Most of us have childhood memories tied into one or more of the Star Wars films, but even if you’ve never geeked out on Han Solo, Obi Wan, Kylo Ren or Rey, you can’t deny the stunning landscapes George Lucas visits to ground his vision in the real world.

You may have thought that the new films (especially) were created in a studio, but in fact, locations all over the world stand in for various fantastical planets in the Star Wars universe. Here are just a few places you can put on your bucket list today:

death valley, ca

1. Death Valley, California
Death Valley is featured prominently in the original Star Wars (Episode IV), and stands in for the Tatooine Desert and a number of comic scenes with R2D2 and C3P0, including R2’s capture by Jawas. Dante’s View is also used in the panoramic establishing shot of Mos Eisley, the town where Han Solo and Chewbacca first meet Luke Skywalker and Obi Wan at the iconic Mos Eisley Cantina.

skellig michael, ireland

2. Skellig Islands, Ireland
We find out at the very end of Star Wars: The Force Awakens that Luke Skywalker has been holed up in some sort of self-imposed exile on an island of spectacular, otherworldly beauty. That spot turns out to be an off-the-coast island in County Kerry, Ireland called Skellig Michael. There’s also a 6th Century Christian Monastery on the island, accessible by climbing 618 steep steps.

hardangerjøkulen glacier, norway

3. Hardangerjøkulen Glacier, Norway
Anyone who’s been there knows that Norway has cornered the market on the staggering natural beauty of glaciers. This one is put to good use during the Battle of Hoth in The Empire Strikes Back (Episode V).

redwood national forest, ca

4. Redwood National Forest, Del Norte County, California
Home to the disarmingly adorable creatures knows as Ewoks, the planet of Endor which is featured in Return of the Jedi (Episode VI) was filmed in Redwood National Forest in northern California.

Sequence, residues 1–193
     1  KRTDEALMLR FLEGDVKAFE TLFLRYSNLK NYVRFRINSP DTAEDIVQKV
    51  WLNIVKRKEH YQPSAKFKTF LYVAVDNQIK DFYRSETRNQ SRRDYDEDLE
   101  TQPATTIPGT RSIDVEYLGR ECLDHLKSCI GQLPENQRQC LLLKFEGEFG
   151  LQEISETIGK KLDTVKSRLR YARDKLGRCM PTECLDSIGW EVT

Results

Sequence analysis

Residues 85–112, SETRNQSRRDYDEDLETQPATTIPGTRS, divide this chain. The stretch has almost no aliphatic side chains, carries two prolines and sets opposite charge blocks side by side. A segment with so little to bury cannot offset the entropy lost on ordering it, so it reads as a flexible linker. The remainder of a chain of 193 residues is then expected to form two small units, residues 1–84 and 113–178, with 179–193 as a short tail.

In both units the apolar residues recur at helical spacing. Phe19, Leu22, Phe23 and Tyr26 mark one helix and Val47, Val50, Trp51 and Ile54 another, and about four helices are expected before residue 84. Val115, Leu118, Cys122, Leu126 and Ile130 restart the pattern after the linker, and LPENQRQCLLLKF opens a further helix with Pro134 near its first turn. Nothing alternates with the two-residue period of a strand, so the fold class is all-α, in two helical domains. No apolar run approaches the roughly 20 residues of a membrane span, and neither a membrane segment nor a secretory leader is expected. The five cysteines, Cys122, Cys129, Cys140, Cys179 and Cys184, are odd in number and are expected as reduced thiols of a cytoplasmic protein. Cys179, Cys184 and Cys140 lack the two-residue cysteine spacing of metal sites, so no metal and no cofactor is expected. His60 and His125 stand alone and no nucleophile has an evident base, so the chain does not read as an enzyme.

yuma desert, california

5. Buttercup Valley, Yuma Desert, California
Another iconic scene in Return of the Jedi, involves a terrifying space alien known as a sarlacc. The sarlacc is not much more than a grasping, writhing mass of teeth that lives in the Great Pit of Carkoon somewhere on Tatooine. It consumes various unlucky souls during it’s brief appearance and you can revisit this nightmarish spot in the optimistically named Buttercup Valley next time you’re in the southern California portion of the Yuma desert. Enjoy!

reynisfjara, iceland

6. Reynisfjara, Iceland
These days, no self-respecting action adventure movie can resist the gorgeous vistas of Iceland, and the recently released Star Wars: Rogue One, was not about to miss out on these bona fides. The black sand beaches of Reynisfjara is the location for the planet Eadu.

wadi-rum, jordan

7. Wadi Rum, Jordan
In Rogue One, some true believers in the Force make something of a pilgrimage to the planet Jedha. Jedha is covered in an eerie landscape of otherworldly red sand. You might think this was a feat of CGI, but you’d be mistaken. In fact, Jedha exists in the country of Jordan. You might also remember it from the Matt Damon movie, the Martian, where it stood in for none other than the Red Planet.

tikal, guatemala

8. Tikal, Guatemala
The Guatemalan ruins of Tikal make a blink-and-you’ll-miss-it small appearance but leave a big impression in the original Star Wars film. Tikal will forever be known in Star Wars fan circles as the Yavin IV Rebel Base.

rub’ al khali, abu dabi

9. Rub’ al Khali, Abu Dabi
Remember when Poe Dameron goes to try and find the missing pieces of Luke Skywalker’s map? Or where Finn and Rey first meet and escape on the Millennium Falcon? How can we forget! Star Wars: The Force Awakens had us from the start with a new twist on the old desert landscapes we have come to expect (and love!) from the Star Wars franchise. This time, Rub’ al Khali hits all of the right desolation notes for viewers.

Set of Star Wars in Tozeur, Tunisia

10. Tozeur, Tunisia

Ok, so we’ve come to the end of our list, We can’t overlook Tunisia, which was used for many Tatooine scenes in Star Wars, along with Death Valley (mentioned above). George Lucas even returned to Tunisia in 1997 to film Phantom Menace. Peep where the traditional Berber Architecture depicted the slave quarters in Episode I. The fictional city of Mos Espa, home to Anakin Skywalker, was constructed from scratch near Tozeur and also used for episodes II and III. Many of the sets are still standing in the Saharan desert locations and are worth a visit.”






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